Mikayla's class field trip today was to the MSU Tollgate farm. Noah did this field trip with balmy (yet wet) weather a couple of years ago, but things couldn't have been more different this time around. The temps were no better than 15 degrees sans wind-chill with a healthy blanket of snow covering everything, but everyone at least initially seemed ready for the chilly and slippery conditions. Unfortunately our tractor wasn't.
Our group rode the first trip of the day on the wagon out to the "sugar shack". All of the kids and us parents were packed in so tight that most of the kids were sitting on the parents laps, while others were sitting on the floor. I overheard one of our guides say "I think this is the most people that we've ever pulled at once before." We started at the barn and made it about two-thirds of the way to the shack when we encountered a hill. You tell how big it was from the first picture below. It wasn't. But the tractor said "Nope" and spun its tires on the incline. Despite our guides' best attempts, it didn't budge (except backwards). Even after we all got out, it still wouldn't move. The comments from myself and a few other dads to help push fell on deaf ears. With our ride blocking the road, we had to turn around and walk back to the barn. By this point we'd been outside for at least 20 minutes or more and everyone was ready to warm up anyway.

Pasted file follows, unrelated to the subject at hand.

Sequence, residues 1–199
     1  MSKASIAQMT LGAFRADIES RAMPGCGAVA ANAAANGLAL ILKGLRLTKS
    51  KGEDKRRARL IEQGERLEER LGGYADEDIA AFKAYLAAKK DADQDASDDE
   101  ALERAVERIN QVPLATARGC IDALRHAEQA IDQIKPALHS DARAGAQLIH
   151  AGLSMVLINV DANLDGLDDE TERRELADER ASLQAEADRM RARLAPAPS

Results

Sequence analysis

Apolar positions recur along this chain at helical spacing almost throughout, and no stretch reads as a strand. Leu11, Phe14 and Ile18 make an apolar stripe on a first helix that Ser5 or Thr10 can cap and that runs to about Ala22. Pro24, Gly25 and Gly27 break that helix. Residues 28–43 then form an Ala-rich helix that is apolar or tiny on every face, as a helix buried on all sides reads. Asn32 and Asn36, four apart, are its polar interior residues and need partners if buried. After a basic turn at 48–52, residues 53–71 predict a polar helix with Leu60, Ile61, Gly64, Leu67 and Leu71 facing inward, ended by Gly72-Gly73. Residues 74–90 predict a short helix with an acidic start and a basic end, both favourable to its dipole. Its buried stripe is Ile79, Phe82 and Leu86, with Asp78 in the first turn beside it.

Back at the "kitchen" area, we went to plan B. The students helped make popcorn for the sole purpose of eating it drizzled in pure maple syrup made right there at the farm! OK, so it wasn't the same as drinking warm samples of the still-cooking syrup that I did with Noah before, but it was still delicious.
When the popcorn was consumed and our extremities thawed, we headed out again to the sugar shack, discovering when we got outside that our ride wasn't yet ready for us. So we just kept walking. Just before we reached our destination, there was the tractor waiting to take a group back. We were so close earlier. The shack where they were reducing the Sugar Maple sap down to syrup was very steamy and humid, yet cold because they needed airflow to move the steam up and out of the building. It takes at least 40 gallons of sap just to make 1 gallon of syrup!
The final stop was a short walk into the forest to tap our own tree. The kids learned how to spot a sugar maple and took turns drilling and tapping the tree. It was, however, the final straw for Mikayla. She broke down in inconsolable tears complaining that her feet were cold. Fortunately we were about finished and headed back to the tractor for a ride back. It was at that point that I'd realized that over half of the group had already gone home! The ride back was faster than the walk and everything was better once we made it back to the car and Mikayla's socks stuffed with used-but-still-warm Hot Hands hand warmers.
I'm so proud of my little girl for braving the cold and holding out as long as she did. In all, we had a good time. Mikayla was disappointed that I didn't buy any fresh maple syrup, but she said she does look forward to having popcorn and maple syrup again sometime :-)